At about 16:42 into the Podcast:
Tim Pritlove: So are you ... are you considering ... are you ... well ... do you call yourself a hacker?
Dan Kaminsky: Absolutely.
Tim: Also in the US?
Dan [affirmative]: Hmmhmmm. No, ah, you know ...
Tim [laughs]: What's your experience with that?
Dan [laughs too]: I have had to explain it a couple of times. Look, you need hackers to fight hackers like you need soldiers to fight soldiers. You can't have someone on a battlefield being like: [incredulous] "What is going on? There are these pieces of metal and they are flying through the air and if they hit you, you start bleeding. Wow! Someone should have told me!". Hacker does not describe what side you are on. Hacker describes the fact that you know how the systems actually function. And you use that knowledge of how they actually function in your benefit. Now, there are good hackers and bad hackers, like there are soldiers who are on your side and there are enemy soldiers. That's just how it works.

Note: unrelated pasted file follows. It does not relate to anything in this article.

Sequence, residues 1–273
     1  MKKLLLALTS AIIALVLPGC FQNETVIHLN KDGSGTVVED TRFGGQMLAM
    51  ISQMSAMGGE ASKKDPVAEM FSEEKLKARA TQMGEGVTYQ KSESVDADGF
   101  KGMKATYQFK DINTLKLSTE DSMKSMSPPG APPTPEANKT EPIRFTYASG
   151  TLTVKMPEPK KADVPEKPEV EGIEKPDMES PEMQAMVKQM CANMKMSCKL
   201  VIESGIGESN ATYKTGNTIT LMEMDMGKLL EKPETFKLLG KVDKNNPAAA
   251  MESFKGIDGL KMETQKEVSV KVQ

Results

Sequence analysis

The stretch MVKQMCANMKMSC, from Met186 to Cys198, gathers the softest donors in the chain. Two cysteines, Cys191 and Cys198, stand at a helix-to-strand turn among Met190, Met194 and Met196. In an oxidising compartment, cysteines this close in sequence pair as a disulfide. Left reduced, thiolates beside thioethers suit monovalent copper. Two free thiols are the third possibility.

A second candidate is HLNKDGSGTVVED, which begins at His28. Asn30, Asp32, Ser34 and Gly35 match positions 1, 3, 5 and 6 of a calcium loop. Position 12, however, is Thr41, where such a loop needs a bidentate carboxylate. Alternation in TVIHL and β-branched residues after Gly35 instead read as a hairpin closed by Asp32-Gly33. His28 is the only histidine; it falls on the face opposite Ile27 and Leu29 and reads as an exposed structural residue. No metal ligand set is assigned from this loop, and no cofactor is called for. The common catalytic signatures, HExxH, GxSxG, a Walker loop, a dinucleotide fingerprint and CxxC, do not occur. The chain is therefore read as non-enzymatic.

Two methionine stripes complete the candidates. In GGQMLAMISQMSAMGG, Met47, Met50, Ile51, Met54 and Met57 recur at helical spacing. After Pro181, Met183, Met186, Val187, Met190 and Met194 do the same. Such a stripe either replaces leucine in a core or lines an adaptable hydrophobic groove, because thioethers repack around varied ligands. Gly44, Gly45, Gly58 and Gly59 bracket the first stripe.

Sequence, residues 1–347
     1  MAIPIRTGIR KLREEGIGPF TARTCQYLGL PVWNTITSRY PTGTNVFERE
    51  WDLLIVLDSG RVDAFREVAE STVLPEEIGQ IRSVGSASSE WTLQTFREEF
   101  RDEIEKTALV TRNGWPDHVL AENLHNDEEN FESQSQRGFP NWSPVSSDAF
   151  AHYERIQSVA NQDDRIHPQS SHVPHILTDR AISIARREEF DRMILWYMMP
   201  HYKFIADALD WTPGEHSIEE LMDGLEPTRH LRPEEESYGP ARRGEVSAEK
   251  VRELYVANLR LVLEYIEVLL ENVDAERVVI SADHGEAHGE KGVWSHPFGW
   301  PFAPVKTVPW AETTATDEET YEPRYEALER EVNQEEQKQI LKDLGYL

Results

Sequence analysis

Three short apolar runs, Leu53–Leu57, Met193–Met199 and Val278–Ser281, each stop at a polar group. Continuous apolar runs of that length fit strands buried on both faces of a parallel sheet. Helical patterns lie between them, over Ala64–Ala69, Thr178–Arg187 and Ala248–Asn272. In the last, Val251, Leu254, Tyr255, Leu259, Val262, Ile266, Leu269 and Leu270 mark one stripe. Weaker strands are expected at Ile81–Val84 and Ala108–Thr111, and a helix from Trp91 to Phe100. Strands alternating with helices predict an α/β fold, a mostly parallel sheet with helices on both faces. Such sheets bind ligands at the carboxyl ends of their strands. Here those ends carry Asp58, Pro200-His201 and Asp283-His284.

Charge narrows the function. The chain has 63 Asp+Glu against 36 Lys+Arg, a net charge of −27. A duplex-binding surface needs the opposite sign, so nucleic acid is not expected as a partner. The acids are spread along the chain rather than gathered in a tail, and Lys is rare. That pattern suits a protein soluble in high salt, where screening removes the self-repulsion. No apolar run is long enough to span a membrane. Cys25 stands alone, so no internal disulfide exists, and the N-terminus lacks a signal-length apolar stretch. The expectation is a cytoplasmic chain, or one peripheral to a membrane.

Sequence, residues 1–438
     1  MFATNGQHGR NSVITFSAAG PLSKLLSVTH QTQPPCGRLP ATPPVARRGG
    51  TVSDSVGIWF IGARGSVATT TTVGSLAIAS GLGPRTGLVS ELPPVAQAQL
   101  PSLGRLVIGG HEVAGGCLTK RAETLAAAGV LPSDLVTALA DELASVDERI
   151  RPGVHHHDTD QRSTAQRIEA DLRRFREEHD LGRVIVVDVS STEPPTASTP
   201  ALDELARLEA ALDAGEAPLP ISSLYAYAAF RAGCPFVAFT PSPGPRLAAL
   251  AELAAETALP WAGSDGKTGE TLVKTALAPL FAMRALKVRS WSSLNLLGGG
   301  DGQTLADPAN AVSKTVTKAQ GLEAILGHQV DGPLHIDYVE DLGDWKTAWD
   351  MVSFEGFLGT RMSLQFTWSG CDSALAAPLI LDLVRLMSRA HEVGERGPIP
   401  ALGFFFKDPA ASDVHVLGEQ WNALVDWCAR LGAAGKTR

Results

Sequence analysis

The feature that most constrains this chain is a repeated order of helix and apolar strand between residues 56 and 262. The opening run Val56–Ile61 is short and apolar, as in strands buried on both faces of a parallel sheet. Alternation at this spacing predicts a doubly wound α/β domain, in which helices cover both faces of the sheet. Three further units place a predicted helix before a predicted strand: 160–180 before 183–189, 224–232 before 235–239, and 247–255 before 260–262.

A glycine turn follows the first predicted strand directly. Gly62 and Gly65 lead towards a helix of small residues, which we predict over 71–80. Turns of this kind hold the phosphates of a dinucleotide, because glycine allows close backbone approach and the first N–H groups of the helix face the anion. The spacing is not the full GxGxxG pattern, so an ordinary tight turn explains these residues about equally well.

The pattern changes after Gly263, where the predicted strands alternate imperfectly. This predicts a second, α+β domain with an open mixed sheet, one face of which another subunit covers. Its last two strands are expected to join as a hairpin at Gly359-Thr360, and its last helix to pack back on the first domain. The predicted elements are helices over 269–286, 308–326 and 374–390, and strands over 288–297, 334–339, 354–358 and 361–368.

Although I am normally not much for the military comparisons, Dan's theatrics are (as usual) just hilarious when he mimics the incredulous soldier on the battlefield.
At about 52:41 into the podcast:
Dan: I think it's too expensive to fix it all after the fact. The problem is, you end up with these endemic security flaws. And maybe you have a good security team and they find 75% of the issues. Maybe you have a really good security team and they find 90%. Maybe they are rockstar-expensive ninjas and they find 99%. You know what, you still got entire ... you're still having ... the attacker only needs to find one hole. And that's really a bottom line. And you can never find 99% with even the most amazing rockstar team 'cause there's just too much code.